the sisters brothers

by Alan Yudman

What would you do for your brother? Would you give up your dreams to protect him and keep him safe? That is the question at the heart of THE SISTERS BROTHERS, the new western from director Jacques Audiard.

Joaquin Phoenix and John C. Reilly are Charlie and Eli Sisters. They are notorious assassins, chasing a man through southern Oregon and northern California in the 1850’s. The work for a mysterious man known only as the Commodore. When someone steals from him, he sends the Sisters Brothers are sent to recover whatever it is and kill the thief. They are very good at their job, if a bit extreme. This time they are after a chemist colorfully named Hermann Kermit Warm (Riz Ahmed) who has a formula for extracting gold from rivers. A tracker is also after him (Jake Gyllenhaal), acting as a ghoulish advance man for the Sisters Brothers murderous task.

The brothers are both brutal, but in different ways. Charlie is a blunt instrument, killing without much remorse or consideration for conscience or his soul. Eli is more thoughtful. He has thought about getting out and how that happens. He is a sensitive soul who seems to only be in it to protect his brother from the revenge that is surely in their future. Phoenix is great. His slightly crazy eyes play perfectly into Charlie’s personality. As good as he is, Reilly is better. He is tortured and exasperated by some of what Charlie has done. He pines for a woman and is not happy that Charlie makes fun of him for it. As angry as he gets at Charlie, Eli would never abandon him, even though he threatens to. And when Charlie is horribly injured, Eli takes charge of the partnership to care for his brother and end their commitment to the Commodore.

The supporting performances from Ahmed and Gyllenhaal are also strong. Every character is more layered than he appears. Ahmed talks about a socialist utopia, while Gyllenhaal writes like a man who has too much education for his job and who is escaping his own demons.

While the film takes place in the American west Spain and Romania stand in for Oregon and California. I really didn’t notice much of a difference. The score by Alexandre Desplat is brooding and ominous, perfectly fitting the tone of the film.

THE SISTERS BROTHERS is a thoughtful meditation on brotherhood, brutality and the society of the 1850’s American Frontier. It’s what a good western can be in the right hands.


eighth grade

by Alan Yudman

Bo Burnham became famous making YouTube videos, so it makes sense that is the plot device around which his first movie, EIGHTH GRADE, is centered.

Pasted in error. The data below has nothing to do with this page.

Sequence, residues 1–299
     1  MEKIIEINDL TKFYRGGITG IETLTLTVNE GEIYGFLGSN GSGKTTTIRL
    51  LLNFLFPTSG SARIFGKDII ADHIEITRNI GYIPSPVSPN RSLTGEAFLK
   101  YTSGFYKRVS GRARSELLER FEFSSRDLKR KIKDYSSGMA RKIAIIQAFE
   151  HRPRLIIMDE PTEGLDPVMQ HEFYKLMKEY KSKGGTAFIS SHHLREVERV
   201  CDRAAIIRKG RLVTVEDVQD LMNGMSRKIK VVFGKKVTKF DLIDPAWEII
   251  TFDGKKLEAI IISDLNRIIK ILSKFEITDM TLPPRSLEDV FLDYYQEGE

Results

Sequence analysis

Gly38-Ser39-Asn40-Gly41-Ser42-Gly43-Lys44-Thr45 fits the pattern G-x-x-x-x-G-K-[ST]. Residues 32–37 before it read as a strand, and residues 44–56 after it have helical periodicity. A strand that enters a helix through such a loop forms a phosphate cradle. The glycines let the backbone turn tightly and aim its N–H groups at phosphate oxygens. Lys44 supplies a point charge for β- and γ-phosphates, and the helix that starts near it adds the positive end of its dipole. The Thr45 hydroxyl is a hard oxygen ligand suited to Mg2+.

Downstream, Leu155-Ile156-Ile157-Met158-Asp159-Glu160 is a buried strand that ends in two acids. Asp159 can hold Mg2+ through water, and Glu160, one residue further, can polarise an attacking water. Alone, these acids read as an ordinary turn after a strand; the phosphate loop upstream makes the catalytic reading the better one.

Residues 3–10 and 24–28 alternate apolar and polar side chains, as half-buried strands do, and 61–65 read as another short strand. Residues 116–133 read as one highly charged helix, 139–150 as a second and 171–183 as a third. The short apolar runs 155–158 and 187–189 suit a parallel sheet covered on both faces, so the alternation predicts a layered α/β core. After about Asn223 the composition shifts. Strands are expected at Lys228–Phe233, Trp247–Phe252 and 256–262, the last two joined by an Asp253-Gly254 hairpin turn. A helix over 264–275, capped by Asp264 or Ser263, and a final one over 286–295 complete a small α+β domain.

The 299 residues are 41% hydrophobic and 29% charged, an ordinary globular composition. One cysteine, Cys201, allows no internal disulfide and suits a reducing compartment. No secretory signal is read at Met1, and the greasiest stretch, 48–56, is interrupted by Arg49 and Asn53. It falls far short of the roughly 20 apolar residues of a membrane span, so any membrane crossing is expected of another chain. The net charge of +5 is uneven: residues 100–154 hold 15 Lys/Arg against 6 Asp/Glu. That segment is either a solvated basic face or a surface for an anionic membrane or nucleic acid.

Kayla is in eighth grade. She is at the end of eighth grade and getting ready for the completely new experience of high school. She is not quite average. She is just kind of moving through school. Not many friends. Not popular, but not unpopular. She is one of those kids who is kind of wallpaper or furniture, People move around her but don’t really notice her. The one thing she does to set her apart is that she makes advice videos on YouTube (now you see the Burnham connection). Much like her, no one notices them. They have almost no viewers.

And that is kind of what the movie is about. Kayla wants to be more, but isn’t. She is not especially happy and wants to be cool, but it just isn’t in her cards. She gets invited to one party, only because the girl’s Mom wants to hook up with Kayla’s good looking single dad. It’s a pool party and Kayla shows up and walks through the crowd being ignored. It’s kind of a brilliantly shot scene. Burnham follows her from the back and all you can see is her slumped shoulders moving through the party. She wants to be noticed, but her body language says otherwise.

The genius of the film is in how average Kayla is. She thinks she isn’t, but she is just an average, anxious teenager. Brunham and Elise Fisher (Kayla) are in some kind of perfect symbiosis. The videos are ostensibly for others, but really act as Kayla working out her problems out loud.

Burnham’s script captures the oeuvre of being a teenager more perfectly than any movie I can think of outside of a John Hughes movie. EIGHTH GRADE special movie by a very talented storyteller. Should be one of the best movies of the year, ya know, it ya want… or not. Whatever.


a simple favor

by Alan Yudman

Can you do me A SIMPLE FAVOR? Go see this movie. It is the best combination of comedy and noir, mystery-thriller. Actually, that’s not quite accurate. It is in reality a mystery-thriller that has some funny parts.

Anna Kendrick is a Mommy-Vlogger who meets Blake Lively, the mom of one of her son’s classmates. Kendrick’s Stephanie Smothers is kind of the Mom every other parent hates. She bakes stuff, volunteers for everything and is excruciatingly bubbly. She meets Blake Lively’s Emily when their sons demand a playdate. Emily is an uber-successful public relations executive for a New York designer. That’s who they both appears to be on the surface.. but the theme of this movie is that everyone has secrets in their past. And they all come bubbling to the surface as Emily disappears and Stephanie becomes an amateur sleuth, obsessed with finding her “best friend”.